Watching Sen. Jeff Sessions (R-AL) and the other Republican Judiciary Committee members attack Supreme Court nominee Sonia Sotomayor as a racist last week over her statement that her background as a “wise Latina” would help her decide cases, it suddenly hit me. I am supremely qualified to be the next SC justice if her nomination is rejected or if another SC member retires on President Obama’s watch. I am perfectly qualified because I am a Jew who can say in all truthfulness that I have not been influenced by my background.
Yes, I know that in religious school I learned Hillel’s summary of the Torah: “Do not do unto others as you would not have them do unto you.” But that’s so negative. Isn’t it? Double negative, in fact. Who could be influenced by such a theological position? Anyhow, the better-known version (spoken by another Jew but that’s only a coincidence) is much more positive. That’s probably the one that shaped me.
During my graduate school years, I studied Jewish-American literature, but only because I majored in creative writing and Jews are, after all, “people of the book” so I figured they would be good writers. The tales I read of men and women scrimping for a living in the shtetls of eastern Europe and finding strength in family, community, and tradition had a lasting effect on me: They made me realize that, yes, Jews were good writers.
It’s true that my ancestors fled the pogroms at the beginning of the last century to come to America. As the family genealogist, I heard those stories and, strictly as a writer and historian, recorded them. And, yes, many relatives who stayed behind in the old Austria-Hungary (what today would be Rumania) died in Auschwitz. I judiciously added their names to my family tree even though I never met them. My interest was strictly academic and anal retentive—it would have been untidy and incomplete of me to not include them.
Later I wrote two books about Holocaust survivors, one about a girl from Auschwitz who was invited to participate in Dr. Mengele’s last selection of the entire war and actually spent 18 hours in a gas chamber but survived because the Nazis were more concerned about starting the cover-up than they were gassing another 100 women; and the other about a Belgian Jew who posed as a Christian and fought in the maquis, the French resistance in southern France. But they were exciting stories. Can you blame me? I would have been crazy to pass up those opportunities. Do you think the girl met any of my relatives while she was in Auschwitz? Just curious.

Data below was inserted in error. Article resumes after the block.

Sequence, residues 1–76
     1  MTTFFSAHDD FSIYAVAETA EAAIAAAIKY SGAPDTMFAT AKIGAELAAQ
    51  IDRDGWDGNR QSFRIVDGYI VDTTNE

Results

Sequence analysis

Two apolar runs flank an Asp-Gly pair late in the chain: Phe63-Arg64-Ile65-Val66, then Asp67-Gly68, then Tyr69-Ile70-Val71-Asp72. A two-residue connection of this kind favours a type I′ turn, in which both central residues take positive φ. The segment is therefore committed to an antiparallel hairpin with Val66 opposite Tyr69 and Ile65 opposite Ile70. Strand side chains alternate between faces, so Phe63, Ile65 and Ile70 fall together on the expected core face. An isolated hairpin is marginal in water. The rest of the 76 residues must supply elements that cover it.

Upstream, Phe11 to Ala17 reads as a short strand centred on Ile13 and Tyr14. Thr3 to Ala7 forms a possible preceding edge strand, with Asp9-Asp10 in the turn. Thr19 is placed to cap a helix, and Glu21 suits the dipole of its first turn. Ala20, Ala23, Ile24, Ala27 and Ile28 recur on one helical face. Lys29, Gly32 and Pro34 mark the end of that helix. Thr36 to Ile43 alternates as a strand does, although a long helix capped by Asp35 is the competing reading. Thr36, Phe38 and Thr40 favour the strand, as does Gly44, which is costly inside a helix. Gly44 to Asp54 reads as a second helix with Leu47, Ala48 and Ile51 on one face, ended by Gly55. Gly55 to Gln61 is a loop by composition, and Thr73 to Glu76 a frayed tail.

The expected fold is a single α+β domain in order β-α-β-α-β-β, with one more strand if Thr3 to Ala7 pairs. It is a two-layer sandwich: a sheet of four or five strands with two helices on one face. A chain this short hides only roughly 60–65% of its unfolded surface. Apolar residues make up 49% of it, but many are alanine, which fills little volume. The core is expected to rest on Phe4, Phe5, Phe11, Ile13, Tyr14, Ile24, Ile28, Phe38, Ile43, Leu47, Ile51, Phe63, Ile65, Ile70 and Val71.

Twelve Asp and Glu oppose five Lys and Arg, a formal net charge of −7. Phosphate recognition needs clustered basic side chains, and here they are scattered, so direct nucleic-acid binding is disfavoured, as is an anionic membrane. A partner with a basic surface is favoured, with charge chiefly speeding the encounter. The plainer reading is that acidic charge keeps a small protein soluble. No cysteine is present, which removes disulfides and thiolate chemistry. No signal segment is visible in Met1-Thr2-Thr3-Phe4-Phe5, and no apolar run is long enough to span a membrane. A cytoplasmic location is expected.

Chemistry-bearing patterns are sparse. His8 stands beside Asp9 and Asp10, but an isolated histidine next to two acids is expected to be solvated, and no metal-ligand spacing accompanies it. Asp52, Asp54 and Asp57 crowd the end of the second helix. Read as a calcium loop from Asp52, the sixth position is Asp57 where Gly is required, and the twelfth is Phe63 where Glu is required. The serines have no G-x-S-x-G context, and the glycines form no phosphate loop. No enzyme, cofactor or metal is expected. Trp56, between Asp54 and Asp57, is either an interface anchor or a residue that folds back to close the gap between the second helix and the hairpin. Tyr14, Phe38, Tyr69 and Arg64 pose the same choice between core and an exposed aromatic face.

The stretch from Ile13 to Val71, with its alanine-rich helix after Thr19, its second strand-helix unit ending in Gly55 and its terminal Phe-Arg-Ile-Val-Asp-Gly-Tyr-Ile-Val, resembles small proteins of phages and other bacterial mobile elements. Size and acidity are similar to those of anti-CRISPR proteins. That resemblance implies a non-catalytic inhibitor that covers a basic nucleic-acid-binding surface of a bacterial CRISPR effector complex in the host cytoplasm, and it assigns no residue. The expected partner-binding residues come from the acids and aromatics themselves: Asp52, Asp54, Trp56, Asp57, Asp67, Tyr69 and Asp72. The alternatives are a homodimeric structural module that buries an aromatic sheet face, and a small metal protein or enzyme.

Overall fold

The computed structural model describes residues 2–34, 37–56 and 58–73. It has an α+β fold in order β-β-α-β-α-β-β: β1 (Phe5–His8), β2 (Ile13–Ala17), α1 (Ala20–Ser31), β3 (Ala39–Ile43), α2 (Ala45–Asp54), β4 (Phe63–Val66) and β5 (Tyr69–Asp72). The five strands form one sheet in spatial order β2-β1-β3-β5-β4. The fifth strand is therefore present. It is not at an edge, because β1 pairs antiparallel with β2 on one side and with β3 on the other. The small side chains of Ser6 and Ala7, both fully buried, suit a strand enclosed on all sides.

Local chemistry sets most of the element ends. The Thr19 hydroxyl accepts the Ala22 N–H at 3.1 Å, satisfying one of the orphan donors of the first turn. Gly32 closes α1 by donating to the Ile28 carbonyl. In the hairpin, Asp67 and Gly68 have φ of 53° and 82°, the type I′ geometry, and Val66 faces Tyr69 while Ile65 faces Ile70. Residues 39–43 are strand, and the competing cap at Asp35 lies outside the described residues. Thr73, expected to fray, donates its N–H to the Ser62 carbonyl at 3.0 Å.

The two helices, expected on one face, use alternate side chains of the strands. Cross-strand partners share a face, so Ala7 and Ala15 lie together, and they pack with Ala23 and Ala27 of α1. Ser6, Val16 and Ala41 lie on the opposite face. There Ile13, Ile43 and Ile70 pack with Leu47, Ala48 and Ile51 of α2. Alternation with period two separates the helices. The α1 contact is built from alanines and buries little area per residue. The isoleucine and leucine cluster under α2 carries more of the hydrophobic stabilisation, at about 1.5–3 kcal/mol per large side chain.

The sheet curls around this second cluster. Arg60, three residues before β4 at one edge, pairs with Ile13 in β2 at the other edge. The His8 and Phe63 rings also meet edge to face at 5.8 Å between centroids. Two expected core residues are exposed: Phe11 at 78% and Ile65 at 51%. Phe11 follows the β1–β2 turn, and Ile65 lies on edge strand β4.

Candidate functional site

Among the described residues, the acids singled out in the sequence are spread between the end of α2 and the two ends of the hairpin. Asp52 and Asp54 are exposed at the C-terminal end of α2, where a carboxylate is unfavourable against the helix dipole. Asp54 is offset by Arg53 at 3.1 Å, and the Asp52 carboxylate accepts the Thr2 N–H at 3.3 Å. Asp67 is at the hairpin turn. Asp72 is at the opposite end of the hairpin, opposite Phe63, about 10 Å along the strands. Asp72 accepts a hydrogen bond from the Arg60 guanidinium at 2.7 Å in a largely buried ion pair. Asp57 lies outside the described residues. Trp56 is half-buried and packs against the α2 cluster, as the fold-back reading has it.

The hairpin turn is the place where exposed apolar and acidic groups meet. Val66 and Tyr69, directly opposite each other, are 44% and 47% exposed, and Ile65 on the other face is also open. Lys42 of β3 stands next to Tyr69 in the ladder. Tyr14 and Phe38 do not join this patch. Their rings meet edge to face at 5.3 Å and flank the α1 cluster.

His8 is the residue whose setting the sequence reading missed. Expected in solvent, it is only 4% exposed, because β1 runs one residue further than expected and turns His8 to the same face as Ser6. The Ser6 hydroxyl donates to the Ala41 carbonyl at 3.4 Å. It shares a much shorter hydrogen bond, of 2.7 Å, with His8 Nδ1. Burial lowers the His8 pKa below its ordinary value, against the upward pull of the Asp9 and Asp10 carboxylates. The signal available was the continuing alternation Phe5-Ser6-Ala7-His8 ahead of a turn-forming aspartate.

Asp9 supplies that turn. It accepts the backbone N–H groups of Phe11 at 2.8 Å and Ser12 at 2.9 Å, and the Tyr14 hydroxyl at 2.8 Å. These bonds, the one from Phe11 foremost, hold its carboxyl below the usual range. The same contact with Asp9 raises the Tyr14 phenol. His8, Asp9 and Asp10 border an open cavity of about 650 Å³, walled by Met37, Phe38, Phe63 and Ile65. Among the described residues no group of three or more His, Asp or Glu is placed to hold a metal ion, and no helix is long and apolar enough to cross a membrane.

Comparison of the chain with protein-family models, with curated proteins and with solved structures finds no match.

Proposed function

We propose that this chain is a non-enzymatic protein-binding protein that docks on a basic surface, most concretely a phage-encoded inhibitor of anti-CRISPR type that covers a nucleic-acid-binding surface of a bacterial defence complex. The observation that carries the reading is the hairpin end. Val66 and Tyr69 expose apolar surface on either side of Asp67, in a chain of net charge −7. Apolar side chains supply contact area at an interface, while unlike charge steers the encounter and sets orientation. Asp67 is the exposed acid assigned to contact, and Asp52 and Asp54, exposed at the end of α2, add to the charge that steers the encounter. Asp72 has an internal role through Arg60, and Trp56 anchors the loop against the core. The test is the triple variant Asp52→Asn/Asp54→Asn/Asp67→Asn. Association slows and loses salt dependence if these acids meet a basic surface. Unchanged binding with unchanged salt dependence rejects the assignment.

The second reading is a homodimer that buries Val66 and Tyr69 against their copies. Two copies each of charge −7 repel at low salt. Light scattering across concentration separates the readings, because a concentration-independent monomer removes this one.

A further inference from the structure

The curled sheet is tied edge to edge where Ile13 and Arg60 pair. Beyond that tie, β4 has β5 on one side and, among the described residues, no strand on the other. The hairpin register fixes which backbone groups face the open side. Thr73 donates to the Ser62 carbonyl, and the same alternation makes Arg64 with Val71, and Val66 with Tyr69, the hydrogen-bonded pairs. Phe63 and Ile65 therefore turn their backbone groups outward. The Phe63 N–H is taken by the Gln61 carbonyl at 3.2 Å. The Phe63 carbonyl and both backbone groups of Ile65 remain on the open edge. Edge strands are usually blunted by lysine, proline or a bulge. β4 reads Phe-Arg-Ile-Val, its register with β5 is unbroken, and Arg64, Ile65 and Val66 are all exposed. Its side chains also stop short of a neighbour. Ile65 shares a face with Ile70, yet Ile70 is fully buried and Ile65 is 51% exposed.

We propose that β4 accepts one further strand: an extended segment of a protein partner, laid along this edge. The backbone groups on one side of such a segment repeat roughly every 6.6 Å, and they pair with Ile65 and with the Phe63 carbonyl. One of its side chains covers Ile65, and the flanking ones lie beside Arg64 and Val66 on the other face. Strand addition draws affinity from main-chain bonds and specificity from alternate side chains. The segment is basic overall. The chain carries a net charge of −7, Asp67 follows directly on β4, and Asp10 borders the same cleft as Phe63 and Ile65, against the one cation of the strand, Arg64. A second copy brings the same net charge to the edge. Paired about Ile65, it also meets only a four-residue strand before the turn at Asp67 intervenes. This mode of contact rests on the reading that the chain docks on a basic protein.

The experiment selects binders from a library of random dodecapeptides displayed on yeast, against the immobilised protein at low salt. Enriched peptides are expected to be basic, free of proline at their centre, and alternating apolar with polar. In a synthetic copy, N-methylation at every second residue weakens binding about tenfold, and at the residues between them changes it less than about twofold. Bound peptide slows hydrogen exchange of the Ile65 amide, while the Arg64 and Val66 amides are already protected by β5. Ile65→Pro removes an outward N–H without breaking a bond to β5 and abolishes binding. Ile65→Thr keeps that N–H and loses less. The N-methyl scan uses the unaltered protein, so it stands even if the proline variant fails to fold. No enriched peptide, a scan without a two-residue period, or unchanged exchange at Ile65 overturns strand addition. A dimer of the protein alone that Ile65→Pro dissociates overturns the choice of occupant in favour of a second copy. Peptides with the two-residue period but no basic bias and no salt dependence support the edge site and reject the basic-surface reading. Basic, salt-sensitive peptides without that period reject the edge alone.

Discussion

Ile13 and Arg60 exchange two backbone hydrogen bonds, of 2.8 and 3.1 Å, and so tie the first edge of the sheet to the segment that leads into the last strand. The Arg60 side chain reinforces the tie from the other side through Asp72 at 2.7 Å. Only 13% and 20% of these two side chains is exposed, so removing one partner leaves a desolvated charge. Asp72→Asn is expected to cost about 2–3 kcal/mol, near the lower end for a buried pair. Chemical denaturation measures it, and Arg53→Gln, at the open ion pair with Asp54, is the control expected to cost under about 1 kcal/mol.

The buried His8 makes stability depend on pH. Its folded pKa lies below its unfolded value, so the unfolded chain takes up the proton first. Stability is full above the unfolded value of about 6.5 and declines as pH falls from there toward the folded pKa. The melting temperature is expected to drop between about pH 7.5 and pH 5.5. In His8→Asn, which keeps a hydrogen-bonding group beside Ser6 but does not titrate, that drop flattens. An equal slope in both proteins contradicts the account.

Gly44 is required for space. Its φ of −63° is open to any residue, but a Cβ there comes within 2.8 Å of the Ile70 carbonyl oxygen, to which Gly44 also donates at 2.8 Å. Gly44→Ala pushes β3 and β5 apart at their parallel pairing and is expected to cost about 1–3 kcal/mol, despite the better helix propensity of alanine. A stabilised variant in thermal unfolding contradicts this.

Passover is my favorite night of the year. Any excuse to bring my family together is reason enough to celebrate for me. Every year during the Seder we are reminded that “We were strangers, too, in the land of Egypt.” But there’s no way that has anything to do with my solidarity with the plight of the poor and the dispossessed in America. After all, how many of them came from Egypt?
So I feel confident in saying that I am bias-free. I have what it takes to be on the highest court in the land. Like my hero, Justice Samuel Alito.
[He said what? “When I get a case about discrimination, I have to think about people in my own family who suffered discrimination because of their ethnic background or because of religion or because of gender. And I do take that into account.” Oops.]
I mean, like my hero, Justice Clarence Thomas.
[He said what? “I believe … that I can make a contribution, that I can bring something different to the Court, that I can walk in the shoes of the people who are affected by what the Court does.” Oops.]
I mean, I have what it takes because it takes a real man to not be influenced by his background enough to be a Supreme Court justice and I am much more of a man than Sonia Sotomayor. Any day of the week.